Home / Photography & Video / Photography Competition 2018: The Winners

Photography & Video

Photography Competition 2018: The Winners

With submissions covering the globe, we present the winners from this year’s National Geographic Traveller (UK) Photography Competition 2018, in association with Billingham

Share this


Renato Granieri, South Georgia

Nat Geo Traveller Photo Comp - Grand Prize Winner - Penguins

“I was walking through a vast colony of king penguins in South Georgia, looking for inspiration. I decided to focus on intimate behaviour, so I sat on the snow and waited patiently. Two of the penguins came within a few feet of me, and I soon realised I had the opportunity I was looking for. I took a few shots before the pair started chasing each other and disappeared into the throng.”

What the judges said

Chris Hudson, head judge, said, “This entry stood out from the first moment we saw it, probably because of the stark white background that forms the environment in which these penguins live. There is, however, an element of tenderness about it all to contrast this, and in the composition Renato has managed to capture a touching moment with the highest technical and compositional standards.”

Renato wins a six-night wildlife photography adventure in the Carpathian Mountains, courtesy of Tatra Photography


Daniel Burton, Elements

“My theme is based on the four classical elements of nature (earth, wind, fire and water). The images are designed to be viewed together as a set of four and have been arranged using colour theory, with red/green and yellow/blue diagonally opposite each other as per a colour wheel.”

What the judges said

Teagan Cunniffe, judge and travel photographer, said, “Capturing a series of images with a common thread is difficult. It takes skill and self-awareness to know what makes a strong portfolio.”

The Portfolio winner will experience a twin-centre break in Qatar, staying at the Souq Waqif Boutique Hotel and Banana Island Resort by Anantara.


John White, Lower Manhattan, New York

“I was lucky enough this year to have a work trip to New York. With my one spare day, I headed south from my hotel and just started walking, hoping to see something interesting — I had no idea that practically everything I saw would be photo-worthy, and pretty much fell in love with the city that day. Making my way back from the Williamsburg Bridge, I turned the corner of Elizabeth and Prince, and there it was — this huge dog, hilariously trying over and over again to get its head through the window to sneak a bite of a customer’s meal. I captured the shot just before the dog’s owner turned to get him down.”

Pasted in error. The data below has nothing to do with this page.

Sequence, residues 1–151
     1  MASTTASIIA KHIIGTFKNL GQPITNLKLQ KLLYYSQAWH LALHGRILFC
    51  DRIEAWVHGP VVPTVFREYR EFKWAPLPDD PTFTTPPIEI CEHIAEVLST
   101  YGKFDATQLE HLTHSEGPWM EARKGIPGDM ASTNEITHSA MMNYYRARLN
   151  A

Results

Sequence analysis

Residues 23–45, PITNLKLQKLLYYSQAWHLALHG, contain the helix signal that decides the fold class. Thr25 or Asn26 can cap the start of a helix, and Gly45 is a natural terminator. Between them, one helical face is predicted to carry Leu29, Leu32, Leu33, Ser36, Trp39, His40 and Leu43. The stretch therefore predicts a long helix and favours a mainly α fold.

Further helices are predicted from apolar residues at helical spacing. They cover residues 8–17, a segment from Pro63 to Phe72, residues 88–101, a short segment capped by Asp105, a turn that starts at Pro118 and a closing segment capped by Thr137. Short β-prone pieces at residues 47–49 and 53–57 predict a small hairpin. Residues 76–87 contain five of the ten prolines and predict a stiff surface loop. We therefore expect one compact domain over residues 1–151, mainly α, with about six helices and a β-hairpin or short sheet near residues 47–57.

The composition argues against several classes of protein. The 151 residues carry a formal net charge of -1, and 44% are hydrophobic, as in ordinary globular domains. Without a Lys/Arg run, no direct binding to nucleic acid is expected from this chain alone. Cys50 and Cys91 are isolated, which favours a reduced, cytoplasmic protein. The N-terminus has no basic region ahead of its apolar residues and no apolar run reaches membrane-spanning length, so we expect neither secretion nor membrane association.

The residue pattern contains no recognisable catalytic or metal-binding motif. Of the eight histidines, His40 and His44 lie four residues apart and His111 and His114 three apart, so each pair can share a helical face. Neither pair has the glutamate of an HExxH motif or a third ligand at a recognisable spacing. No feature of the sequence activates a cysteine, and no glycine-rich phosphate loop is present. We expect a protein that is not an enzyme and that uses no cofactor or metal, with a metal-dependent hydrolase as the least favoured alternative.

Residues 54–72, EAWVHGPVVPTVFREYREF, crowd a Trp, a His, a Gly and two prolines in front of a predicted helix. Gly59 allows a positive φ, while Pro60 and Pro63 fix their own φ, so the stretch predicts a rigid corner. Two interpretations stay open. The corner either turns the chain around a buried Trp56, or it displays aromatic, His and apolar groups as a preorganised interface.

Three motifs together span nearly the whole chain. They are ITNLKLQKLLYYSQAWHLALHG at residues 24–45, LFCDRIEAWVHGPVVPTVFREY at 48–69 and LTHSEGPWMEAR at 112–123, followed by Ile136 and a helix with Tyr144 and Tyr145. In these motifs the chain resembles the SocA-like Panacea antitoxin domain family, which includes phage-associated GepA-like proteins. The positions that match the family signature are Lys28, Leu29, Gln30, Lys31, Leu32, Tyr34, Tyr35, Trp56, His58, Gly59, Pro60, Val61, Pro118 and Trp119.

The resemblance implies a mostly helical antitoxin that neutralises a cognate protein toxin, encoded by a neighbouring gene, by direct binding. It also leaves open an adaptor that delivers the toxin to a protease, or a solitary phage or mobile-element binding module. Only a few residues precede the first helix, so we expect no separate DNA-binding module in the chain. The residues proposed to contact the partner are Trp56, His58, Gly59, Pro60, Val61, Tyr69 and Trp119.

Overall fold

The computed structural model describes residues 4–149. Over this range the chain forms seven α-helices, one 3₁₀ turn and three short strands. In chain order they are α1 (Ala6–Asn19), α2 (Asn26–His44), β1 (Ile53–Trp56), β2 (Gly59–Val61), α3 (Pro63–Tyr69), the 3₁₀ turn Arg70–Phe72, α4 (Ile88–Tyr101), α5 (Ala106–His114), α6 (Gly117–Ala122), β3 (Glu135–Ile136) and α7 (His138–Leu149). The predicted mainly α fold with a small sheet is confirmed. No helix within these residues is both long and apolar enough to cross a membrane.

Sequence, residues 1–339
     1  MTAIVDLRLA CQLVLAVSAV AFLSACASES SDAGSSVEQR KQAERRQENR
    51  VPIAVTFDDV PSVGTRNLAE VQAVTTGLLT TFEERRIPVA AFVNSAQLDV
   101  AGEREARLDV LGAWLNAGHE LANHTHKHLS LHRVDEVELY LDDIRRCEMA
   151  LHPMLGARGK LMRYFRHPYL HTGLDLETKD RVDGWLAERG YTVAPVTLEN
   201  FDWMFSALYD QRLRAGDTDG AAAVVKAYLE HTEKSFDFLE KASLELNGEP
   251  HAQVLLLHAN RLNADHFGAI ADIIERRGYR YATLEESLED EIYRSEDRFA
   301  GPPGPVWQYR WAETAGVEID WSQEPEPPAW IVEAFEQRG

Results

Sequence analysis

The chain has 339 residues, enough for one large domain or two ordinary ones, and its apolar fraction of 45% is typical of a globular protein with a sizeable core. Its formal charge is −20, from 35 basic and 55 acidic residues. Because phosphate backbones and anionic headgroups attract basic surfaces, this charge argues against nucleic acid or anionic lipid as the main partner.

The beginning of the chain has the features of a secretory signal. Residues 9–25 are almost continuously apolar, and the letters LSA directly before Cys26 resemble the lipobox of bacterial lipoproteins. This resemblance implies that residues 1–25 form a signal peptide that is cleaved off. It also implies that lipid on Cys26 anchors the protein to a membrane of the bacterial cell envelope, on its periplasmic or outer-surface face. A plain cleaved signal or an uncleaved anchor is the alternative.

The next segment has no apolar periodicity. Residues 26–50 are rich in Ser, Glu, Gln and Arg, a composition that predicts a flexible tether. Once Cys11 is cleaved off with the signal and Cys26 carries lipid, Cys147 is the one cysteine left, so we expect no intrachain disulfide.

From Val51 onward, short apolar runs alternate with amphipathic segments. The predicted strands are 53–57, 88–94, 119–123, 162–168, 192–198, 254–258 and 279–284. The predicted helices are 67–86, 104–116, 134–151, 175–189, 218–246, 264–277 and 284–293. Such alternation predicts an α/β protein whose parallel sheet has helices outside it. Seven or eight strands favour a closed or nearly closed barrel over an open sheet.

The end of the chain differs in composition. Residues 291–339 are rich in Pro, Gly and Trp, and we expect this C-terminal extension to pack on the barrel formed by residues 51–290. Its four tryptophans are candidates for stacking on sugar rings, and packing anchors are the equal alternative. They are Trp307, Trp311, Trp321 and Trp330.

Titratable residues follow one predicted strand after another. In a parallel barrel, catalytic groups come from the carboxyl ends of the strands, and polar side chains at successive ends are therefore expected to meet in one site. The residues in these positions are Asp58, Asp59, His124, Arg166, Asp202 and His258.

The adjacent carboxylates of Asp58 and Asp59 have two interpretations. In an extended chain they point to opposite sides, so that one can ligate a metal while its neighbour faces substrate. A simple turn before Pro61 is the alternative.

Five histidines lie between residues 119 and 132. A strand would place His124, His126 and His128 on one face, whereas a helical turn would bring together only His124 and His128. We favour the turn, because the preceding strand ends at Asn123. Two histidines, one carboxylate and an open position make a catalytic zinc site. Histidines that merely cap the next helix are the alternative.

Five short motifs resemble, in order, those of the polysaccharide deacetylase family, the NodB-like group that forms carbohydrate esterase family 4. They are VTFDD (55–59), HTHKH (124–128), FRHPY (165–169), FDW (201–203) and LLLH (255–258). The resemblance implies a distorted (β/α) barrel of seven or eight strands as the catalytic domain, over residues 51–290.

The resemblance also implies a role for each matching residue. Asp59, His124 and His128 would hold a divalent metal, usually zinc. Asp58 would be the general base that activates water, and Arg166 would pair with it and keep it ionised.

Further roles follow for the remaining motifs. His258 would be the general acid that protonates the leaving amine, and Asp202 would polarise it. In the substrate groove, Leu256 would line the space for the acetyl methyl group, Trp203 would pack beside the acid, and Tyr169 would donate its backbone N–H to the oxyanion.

What the judges said

Ben Hawkins, judge and group editor at Practical Photography magazine, said, “Great timing, gritty black and white, slapstick comedy — John’s shot has all the hallmarks of classic reportage. Think Cartier-Bresson, Robert Doisneau and Vivian Maier, and you’re in the right ballpark.”


 Simon Morris, Western Mongolia

“I took this shot while staying with a Kazakh family in Western Mongolia for a week during winter. They hunt with a female golden eagle at this time of year; usually hunting foxes and, very occasionally, wolves. They treat the eagle as part of their family and care deeply for this majestic bird of prey. This image captures what to us seems rather incongruous — the hunter resting at home with his eagle on one side and the family cat on the other.”

What the judges said

Ben Hawkins, judge and group editor at Practical Photography magazine, said “Providing the viewer with a unique glimpse into a life that’s both alien and familiar — we all drink tea with eagles, right? — Simon’s image draws us into the hunter’s world, as all good environmental portraits should.”


Stuart Dunn, Svalbard, Norway

“The temperature was incredibly low, somewhere in the region of -20C. I was attempting to photograph dog sledding using a snowmobile to track ahead of the dogs, which wasn’t working. The problem was that the snowmobile would leave tracks in the snow. In the end, I opted for racing ahead of the dogs and crouching in the snow while they charged towards me. I’d capture a few shots before diving out of the way, so as not to get run down. It was pretty scary, but well worth it.”

What the judges said

Teagan Cunniffe, judge and travel photographer, said, “More than just a fast shutter speed is needed here — great action photographs plunge you into the experience. One can feel the dogs’ exhilaration as they bound towards the camera, shadows forming active lines leading your eye towards the sled.”


Timur Tugalev, Lost in Cuba

“The smiles and contagious temperaments of locals I met on my trip felt like the true heart of the island. It’s a place of wonders and legendary colonial cities.”

Watch the full video here. 

What the judges said

Andy Skillen, judge and wildlife photographer, said, “One of the best things about this excellent short video by Timur (who was the winner of the Video category last year, too) is that, within seconds of it starting, I was utterly gripped by his use of iconic images and style.”

Winners in all categories will receive a Billingham bag. 

The winning photos can also be seen in the April 2018 issue of National Geographic Traveller (UK), on sale 1 March 2018. The Photography Competition 2019 launches in September 2018. Follow #NGTPhotoComp for news.



Tatra Photography